From Sierra Leone, there were representatives from Statistics, Ministry of Health, the National Civil Registration Authority (NCRA), Ministry of Internal Affairs, the Ministry of Information and unicef. I met the Minister of Internal Affairs Edward A. Soluku; the Deputy Minister of Information Mamadi Gobeh Kamara; Director General Mohamed M. Massaquoi of NCRA; and Ag Director of Births and Deaths, Brima Victor Kamara. I also had a discussion with Stefano Schwarz from unicef.
Before presentations and discussions, delegates were first taken on a tour (via video clips) of the land of the legendary African walking safari, Victoria Falls, the wild Zambezi River, abundant wildlife, and raw wilderness. Blessed with awe-inspiring natural wonders, an abundance of wildlife, huge water bodies and vast open spaces, Zambia is acknowledged as one of the safest countries in the world with the finest Safari experiences on the planet.
As the conference got underway, generally, the big picture is that Africa has an identity problem with about 550 million people not having any ID. This means these people “do not exist”.
In his presentation, Director General Mohamed Massaquoi outlined the effort of Sierra Leone with a population of 7,075,641 (2015 Census). Among other things, the conference was informed that civil registration existed in Sierra Leone since 1791.
Fast forward to 2014, Cabinet adopted a policy document entitled ― National Policy on Civil Registration Reform in Sierra Leone and a National Civil Registration Act was enacted in 2016, which established NCRA that provides for the continuous, permanent, compulsory and universal registration of births, deaths, stillbirths, marriages, divorces, nullities, adoptions, legitimization and recognition and the issuance of National ID Card with unique National Identification Numbers (NIN) assigned to every resident in Sierra Leone.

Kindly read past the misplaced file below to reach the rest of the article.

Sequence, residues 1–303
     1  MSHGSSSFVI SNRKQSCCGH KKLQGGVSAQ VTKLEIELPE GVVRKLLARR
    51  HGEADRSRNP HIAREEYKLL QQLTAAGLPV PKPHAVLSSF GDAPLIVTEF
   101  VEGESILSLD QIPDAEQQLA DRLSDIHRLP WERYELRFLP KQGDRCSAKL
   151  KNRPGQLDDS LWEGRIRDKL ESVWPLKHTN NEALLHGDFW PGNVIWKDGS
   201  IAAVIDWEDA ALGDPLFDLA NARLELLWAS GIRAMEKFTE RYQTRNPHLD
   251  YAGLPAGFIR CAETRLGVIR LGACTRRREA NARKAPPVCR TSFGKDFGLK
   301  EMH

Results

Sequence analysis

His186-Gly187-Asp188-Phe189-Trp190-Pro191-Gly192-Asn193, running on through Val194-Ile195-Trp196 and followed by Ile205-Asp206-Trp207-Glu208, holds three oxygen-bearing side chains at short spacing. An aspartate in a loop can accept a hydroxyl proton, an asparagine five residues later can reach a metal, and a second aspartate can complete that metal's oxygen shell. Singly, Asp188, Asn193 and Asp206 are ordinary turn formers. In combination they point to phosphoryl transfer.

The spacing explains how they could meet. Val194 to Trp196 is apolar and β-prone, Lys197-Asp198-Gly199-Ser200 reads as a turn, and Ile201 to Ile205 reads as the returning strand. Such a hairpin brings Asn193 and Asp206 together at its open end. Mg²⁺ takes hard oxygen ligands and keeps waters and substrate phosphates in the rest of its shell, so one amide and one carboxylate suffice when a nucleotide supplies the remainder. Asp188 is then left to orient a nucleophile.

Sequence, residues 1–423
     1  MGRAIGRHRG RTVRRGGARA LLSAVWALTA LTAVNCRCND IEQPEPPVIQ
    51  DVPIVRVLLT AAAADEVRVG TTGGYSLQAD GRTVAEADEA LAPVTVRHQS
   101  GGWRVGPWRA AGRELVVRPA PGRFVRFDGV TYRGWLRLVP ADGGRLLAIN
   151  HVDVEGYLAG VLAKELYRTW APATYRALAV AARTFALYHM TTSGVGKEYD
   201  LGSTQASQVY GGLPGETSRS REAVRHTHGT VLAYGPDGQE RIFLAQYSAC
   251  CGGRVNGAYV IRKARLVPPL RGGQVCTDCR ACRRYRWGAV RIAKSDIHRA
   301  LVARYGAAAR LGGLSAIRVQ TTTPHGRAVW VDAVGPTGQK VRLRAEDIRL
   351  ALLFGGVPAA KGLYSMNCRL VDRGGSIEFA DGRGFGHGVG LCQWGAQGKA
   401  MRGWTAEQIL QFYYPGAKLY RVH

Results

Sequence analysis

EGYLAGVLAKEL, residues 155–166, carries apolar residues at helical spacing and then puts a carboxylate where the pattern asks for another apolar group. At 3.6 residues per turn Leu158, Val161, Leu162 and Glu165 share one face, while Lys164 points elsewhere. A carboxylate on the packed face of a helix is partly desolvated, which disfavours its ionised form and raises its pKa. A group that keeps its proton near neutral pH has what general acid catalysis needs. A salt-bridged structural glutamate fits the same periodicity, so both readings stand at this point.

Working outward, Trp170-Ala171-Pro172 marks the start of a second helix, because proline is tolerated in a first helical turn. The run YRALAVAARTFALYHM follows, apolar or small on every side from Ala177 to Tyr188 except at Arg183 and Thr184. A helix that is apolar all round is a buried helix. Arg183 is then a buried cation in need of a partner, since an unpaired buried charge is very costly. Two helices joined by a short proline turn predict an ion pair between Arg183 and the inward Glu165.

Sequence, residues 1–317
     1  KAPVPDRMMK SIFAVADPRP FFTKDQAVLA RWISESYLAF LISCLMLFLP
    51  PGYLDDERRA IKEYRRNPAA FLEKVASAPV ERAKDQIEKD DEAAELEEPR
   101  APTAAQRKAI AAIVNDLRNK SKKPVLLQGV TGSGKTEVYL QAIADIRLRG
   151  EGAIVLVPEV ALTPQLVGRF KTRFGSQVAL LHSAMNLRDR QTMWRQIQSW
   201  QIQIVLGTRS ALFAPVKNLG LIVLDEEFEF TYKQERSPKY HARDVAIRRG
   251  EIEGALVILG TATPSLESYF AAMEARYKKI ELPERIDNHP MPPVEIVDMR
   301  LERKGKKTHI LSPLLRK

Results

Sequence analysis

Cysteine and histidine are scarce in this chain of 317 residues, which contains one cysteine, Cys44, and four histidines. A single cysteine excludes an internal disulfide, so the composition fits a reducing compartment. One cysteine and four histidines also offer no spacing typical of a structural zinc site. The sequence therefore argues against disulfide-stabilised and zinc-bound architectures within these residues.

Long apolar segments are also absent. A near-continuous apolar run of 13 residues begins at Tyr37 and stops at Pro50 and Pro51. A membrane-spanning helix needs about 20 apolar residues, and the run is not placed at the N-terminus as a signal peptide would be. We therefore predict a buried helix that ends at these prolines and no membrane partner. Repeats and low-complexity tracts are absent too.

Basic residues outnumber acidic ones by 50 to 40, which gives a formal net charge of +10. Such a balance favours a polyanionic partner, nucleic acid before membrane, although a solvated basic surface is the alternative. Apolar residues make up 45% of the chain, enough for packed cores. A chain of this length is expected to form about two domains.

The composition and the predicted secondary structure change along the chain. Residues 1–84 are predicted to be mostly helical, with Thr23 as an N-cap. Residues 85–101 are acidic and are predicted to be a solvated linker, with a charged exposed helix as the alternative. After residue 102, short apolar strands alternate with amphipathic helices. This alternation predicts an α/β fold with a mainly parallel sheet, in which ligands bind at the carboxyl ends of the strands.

It was pointed out that all civil registration and vital statistics and ID functions, which were formerly fragmented, are now integrated and managed under NCRA.
Today, NCRA providing CRVS and ID services is functional in all 16 administrative offices across the country. Currently, there is availability of biometric data on about 75 percent of the country’s population with plans to capture the remaining 25 percent by end of 2019. In addition, a unique non repeatable, non-duplicating and non-reusable NIN is generated and assigned to all residents, including the 75 percent of residents captured so far. Biometric data is linked with education for enrolment, employment, driver’s license, tax administration, social security benefits, financial inclusion, immigration service, health, internal security/ defense and so on.
Minister Edward A. Soluku said Biometric IDs and NIN were used to clean payroll system of government that tracked about 9,000 duplicated and non-existent workers thus saving over USD6 million for government annually. The exercise made the payroll system accountable and precise. “If you have no identity, you are a ‘ghost’,” stressed the minister. With “ghosts” previously chopping millions of leones every year in the country at the expense of the living, this sounded like music to me.
Are there challenges? Like other countries, Sierra Leone named low awareness on CRVS and ID benefits, inadequate financial support, overlapping CRVS functions and other legal issues, unpredictable donor support, training and capacity building.
The Sierra Leone team noted that for you to improve a system, you must know what is not working, and “in order to have an active labour population we need to know what is killing the people”.
The conference ended with Member States agreeing to scale-up efforts to address the huge identity gap that exists on the continent.
Although I am not very easily impressed, I must say the performance of Sierra Leone was outstanding in Zambia. Well done, Sierra Leone!
About the author: Sulaiman Momodu is a former editor of Concord Times newspaper. He is currently based in Addis Ababa, Ethiopia.